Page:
Many families begin scrambling for adoption resources as soon as they make the commitment to pursue an adoption. They begin asking questions of their friends, family, adoption agency, and other adoptive families. They begin researching over the internet or in local libraries for information on processes, countries, child behaviors, USCIS requirements for immigration, and grants. Most of the time, this seems like a process which makes them continuously go in circles.
The first thing a family should do when they are considering an international adoption is to do a self-assessment. Carefully examine the reasons why you are adopting. What is your motivation? Is it to have a child for yourself or your family or is it to provide a home for a child or a playmate for your other children? Is the child’s welfare your most important consideration? Have any infertility issues been resolved with yourself, your spouse and your other relationships? Is international adoption a positive way to build your family? Will your existing children accept this? Will your family and friends support you in this endeavor? Are your schools and your neighborhood going to be good adoption partners? Is the current state of your lifestyle and your marriage a good one in which to raise a child? Assess any current problems in the relationship, finances and timing. Can you love and nurture a child regardless of the special needs, handicaps, past trauma, attachment difficulties, and personality he or she comes with? Do you any your spouse, as well as any existing children in the home, have strong, open communication skills? Are you all able to openly express your feeling to each other? Can you and are you willing to adjust your expectations depending upon your child’s abilities? What are your thoughts about birth families? Can you accept their place in your child’s heart? Can you understand your child’s need to know where they came from and who their birth parents were? Are you willing to help him or her locate them if they express this desire later in life? Do your personal family finances allow you to cover the expenses of international adoption, including home study fees, updates, filing fees, country fees, records requests, and travel costs? If not, what is your back-up plan? Will you save more, research grants, conduct fundraisers, obtain loans, or ask for donations? Can you ask for help…..really ask others for help when it is needed? Are you willing to reach out to physicians, family, friends, therapists, special needs service providers, tutors, child care providers, your adoption agency, and other adoptive families? Do you have the stamina, patience, and ability to accept delays, risks and unknown information involved in international adoption? Can you truly deal with changing timelines, rules and processes of another country? Do you have the willingness and ability to spend hours on completing paperwork…..over an over again? Can you manage deadlines and submit items in a timely manner?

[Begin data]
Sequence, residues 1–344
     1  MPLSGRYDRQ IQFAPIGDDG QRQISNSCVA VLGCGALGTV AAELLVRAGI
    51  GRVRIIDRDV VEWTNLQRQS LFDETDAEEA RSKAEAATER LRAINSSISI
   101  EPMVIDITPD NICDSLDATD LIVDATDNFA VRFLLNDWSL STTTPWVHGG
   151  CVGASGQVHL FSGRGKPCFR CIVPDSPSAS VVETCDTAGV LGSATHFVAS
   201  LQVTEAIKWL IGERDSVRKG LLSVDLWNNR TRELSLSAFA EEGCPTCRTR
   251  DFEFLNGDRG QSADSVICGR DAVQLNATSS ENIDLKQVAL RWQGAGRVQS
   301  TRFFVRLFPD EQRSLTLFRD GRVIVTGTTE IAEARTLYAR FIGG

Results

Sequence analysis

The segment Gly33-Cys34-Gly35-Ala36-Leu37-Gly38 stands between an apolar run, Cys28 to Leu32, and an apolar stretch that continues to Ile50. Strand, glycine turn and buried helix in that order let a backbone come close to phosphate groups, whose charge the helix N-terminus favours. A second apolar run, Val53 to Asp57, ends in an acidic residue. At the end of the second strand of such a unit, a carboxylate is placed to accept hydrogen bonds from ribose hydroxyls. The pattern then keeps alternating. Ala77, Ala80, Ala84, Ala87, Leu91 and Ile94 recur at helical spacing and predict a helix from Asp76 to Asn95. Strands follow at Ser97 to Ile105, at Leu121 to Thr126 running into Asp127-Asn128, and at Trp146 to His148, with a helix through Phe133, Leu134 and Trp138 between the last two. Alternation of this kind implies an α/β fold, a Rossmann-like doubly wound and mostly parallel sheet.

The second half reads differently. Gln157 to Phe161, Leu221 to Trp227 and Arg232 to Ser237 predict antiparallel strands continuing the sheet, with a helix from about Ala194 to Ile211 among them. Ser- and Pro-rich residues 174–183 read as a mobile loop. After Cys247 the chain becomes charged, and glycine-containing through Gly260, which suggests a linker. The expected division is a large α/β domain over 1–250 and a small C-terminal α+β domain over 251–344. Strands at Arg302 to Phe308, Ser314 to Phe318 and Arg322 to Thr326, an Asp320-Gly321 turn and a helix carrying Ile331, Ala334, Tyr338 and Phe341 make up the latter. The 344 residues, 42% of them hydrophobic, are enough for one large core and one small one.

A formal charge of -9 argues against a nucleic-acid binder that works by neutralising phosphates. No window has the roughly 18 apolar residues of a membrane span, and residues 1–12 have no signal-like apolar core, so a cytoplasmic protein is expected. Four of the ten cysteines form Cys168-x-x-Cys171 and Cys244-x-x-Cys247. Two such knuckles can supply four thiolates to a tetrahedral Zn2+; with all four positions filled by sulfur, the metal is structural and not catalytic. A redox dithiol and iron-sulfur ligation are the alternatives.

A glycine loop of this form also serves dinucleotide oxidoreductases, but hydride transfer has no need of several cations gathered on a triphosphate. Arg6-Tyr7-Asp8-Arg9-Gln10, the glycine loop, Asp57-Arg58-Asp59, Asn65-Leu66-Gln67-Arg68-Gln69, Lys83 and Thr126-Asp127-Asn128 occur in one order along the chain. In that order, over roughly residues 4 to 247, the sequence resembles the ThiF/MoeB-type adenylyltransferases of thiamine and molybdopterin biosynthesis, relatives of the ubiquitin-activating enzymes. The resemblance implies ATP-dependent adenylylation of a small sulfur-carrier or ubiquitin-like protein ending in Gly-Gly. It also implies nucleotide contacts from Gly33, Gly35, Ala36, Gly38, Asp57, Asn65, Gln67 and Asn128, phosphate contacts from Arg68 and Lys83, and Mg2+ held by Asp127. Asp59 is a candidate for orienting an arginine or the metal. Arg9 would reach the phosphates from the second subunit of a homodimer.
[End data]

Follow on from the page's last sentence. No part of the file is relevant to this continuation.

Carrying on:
If you are able to answer these questions favorably, you may be ready to adopt internationally. Now it is time to prepare yourself. Learn a little of the country’s language to help with initial communication with your child. Discover the country’s conditions and culture. What are the effects on a child who has been institutionalized in an orphanage setting? Check out the special education services and ESL classes offered in your community school system. Investigate the effects of malnutrition and food issues on children. Look for support groups for adoptive parents either through your adoption agency, on-line or in your community. Research the Post Adoption services in your state that are offered to international adoption parents. They are all different so explore this now. Are there any birth order considerations to be made if you have existing children in your home? Learn what to expect with adopting multiples, older children and special needs children. Are there any transracial or transcultural considerations with your adoption and how can you best prepare for this? Go ahead and locate mental health services in your community that can serve each member of your family and have adoption competent therapists available. Know the effects of experiencing abuse and neglect. If you have agreed to accept any special needs, learn about them now. What do you know about parenting children from hard places and children who have experienced trauma? What are the available adoption grants and fundraising options open to you?